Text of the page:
News on security breaches is hitting the headlines more often than ever. This is due to magnified scope and scale of the threats even with new technologies like mobility, cloud, big data, Internet of Things (IoT) and cryptocurrency. While there’s a growing sophistication in technologies and associated risks, security practices seem to be lagging behind. Many security reports from advisory firms like Deloitte, Gartner, and KPMG point out low organizational capabilities with respect to security aspects due to talent, culture, collaboration and so on.
As many of these issues are structural in nature, it is vital for enterprises to evolve their security structure. This article is focused on one of the ingredients required for such structural change - Integration of security in QA process.
Traditionally, cybersecurity has been the responsibility of the IT security team. However, the rationale behind having an isolated process of security faded away with advancements in technologies. We have moved over the generic threats that could be overcome by securing network layers.
Today, there’s a need to evolve security policies and processes to ensure the right data is sent and the right people have access to them over the infrastructure (such as cloud, mobile, and IoT) that’s no longer in strict controls of the organization. This requires better enforcement of security practices across the software development process. It is necessary to shift-left security implementation and validation to minimize risks grounds up; with speed. So organizations can take better security measures by incorporating security validation in the QA process. But is security a QA issue?
QA team has a holistic understanding of the users, data, and applications. This gives them an advantage over other stakeholders to check security issues. It doesn't mean that QA takes over the job of IT security. The QA team can provide security intelligence to both the developer and security teams to mitigate risks. Here are a few ways QA can help security:
Fuzz testing is a software testing technique. It is used to detect bugs by running the program with invalid, unexpected, random or dumb data. This is basically fault injecting to see if the code is robust enough and doesn’t freeze, crash or produce unwanted errors. Due to this, fuzz testing can be used to check the code against Denial of Service (DoS) attacks, SQL injections, and Cross-Site Scripting (XSS). It is also useful in finding memory-related bugs that may lead to a security vulnerability.
It is quite common for an application to encounter unexpected behavior and print a stack trace for the error. The stack trace not only includes debugging information about the error but also the path of files and often the path to the origin of the code. Such messages are insightful information on the inner workings of an application. These can be easily exploited by attackers using methods like Directory Traversal and SQL Injection. The QA team can check for server error handling during application development to prevent any information leakage that may make the application vulnerable to attacks and also save the application from uncaught errors.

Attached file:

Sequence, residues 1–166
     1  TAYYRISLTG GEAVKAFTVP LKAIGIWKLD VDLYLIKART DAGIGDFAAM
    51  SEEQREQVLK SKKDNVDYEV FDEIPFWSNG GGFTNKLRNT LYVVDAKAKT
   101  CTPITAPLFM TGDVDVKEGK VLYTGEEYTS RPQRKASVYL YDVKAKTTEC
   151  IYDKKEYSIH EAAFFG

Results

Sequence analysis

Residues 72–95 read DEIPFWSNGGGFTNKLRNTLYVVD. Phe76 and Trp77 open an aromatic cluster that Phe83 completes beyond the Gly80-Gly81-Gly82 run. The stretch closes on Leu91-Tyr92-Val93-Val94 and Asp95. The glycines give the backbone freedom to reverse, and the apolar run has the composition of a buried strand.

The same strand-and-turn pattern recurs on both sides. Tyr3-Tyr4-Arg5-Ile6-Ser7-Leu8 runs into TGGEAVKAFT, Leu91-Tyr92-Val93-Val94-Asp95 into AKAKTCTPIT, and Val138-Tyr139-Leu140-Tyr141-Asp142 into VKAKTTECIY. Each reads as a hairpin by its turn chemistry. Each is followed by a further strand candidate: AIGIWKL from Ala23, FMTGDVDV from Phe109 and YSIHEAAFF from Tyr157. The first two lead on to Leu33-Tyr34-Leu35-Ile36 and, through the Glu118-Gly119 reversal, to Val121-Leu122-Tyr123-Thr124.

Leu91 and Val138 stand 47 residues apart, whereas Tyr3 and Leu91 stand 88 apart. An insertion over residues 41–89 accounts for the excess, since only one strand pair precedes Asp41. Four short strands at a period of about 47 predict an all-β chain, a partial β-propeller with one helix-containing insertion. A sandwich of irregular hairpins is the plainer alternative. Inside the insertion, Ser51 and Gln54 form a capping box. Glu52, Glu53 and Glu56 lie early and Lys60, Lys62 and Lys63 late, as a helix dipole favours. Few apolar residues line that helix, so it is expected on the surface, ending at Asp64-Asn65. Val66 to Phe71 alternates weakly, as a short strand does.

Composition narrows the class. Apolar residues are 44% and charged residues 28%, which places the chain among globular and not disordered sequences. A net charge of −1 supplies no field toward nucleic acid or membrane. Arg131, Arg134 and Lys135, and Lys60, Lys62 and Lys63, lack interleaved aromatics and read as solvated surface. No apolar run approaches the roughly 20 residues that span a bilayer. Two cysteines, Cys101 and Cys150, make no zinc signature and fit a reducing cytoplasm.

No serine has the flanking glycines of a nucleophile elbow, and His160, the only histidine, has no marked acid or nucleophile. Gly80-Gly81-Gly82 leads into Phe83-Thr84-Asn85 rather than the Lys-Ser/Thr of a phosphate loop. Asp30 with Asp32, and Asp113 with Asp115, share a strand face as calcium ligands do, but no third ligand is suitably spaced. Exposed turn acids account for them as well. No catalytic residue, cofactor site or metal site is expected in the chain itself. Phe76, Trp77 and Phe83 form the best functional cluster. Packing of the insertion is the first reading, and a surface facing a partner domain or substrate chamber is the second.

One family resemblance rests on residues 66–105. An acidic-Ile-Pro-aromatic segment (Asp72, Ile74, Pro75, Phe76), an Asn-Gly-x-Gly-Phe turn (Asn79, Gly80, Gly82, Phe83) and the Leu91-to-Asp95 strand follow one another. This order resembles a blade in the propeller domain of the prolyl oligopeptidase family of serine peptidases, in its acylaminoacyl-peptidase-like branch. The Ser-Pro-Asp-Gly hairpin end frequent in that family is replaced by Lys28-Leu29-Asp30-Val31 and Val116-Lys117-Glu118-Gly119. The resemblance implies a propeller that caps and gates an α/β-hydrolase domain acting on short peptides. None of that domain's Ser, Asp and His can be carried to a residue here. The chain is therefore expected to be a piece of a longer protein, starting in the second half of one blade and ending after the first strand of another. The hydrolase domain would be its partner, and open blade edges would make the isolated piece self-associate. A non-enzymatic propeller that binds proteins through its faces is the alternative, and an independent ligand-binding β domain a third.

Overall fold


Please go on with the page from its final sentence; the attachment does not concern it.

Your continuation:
Exploratory testing is an unplanned approach to software testing. The tester can use any methodology with his/her skills and diligence to test the software. Exploratory testing can be useful to security in addition to finding functional and performance issues. For example, the QA team can check functionality related security issues in payments. They can look for unwanted behavior when credit card information is entered and explore various scenarios that can compromise payment transactions.
Use of Tool for security testing (Please elaborate on following):
1. Static code checkers:If every bug and code issue had to be resolved manually, the production process would have been highly tedious and would have extended substantially. Static code checkers enable developers to analyze the code early in the development life cycle, before even execution of the code. Minor as well as fatal errors can be prevented at a very early stage, omitting unnecessary cycles. Thus, before the final migration of code to the functional Quality Assurance phase, several errors can be resolved instantly in the development phase itself.
2. Dynamic Application Security Testing (DAST):
DAST helps massively to gain insights on plausible external threats and issues in code from an outsider’s perspective. These tests run in the execution mode of the code in production or the operational state since it lacks access to the source code. It accesses the application through the User Interface of the product (front-end) and is thus a black-box testing mechanism with sequence of test being outside to inside. DAST successfully eliminates several external threats in the process.
Integration of security in QA can improve software by complementing IT security to ensure risks are detected at an early stage. However, doing this can have its own challenges. The QA team needs some awareness and change in mindset regarding security issues. They may need to be trained for best practices in combining security; like safeguarding sensitive user data during the tests.
In the age of digital transformation, the complexities in services and technologies are growing. And so are the number of digital predators who find new ways to attack. Integrating security in QA can be an important step to complement security, identify risks early and speed up the software delivery.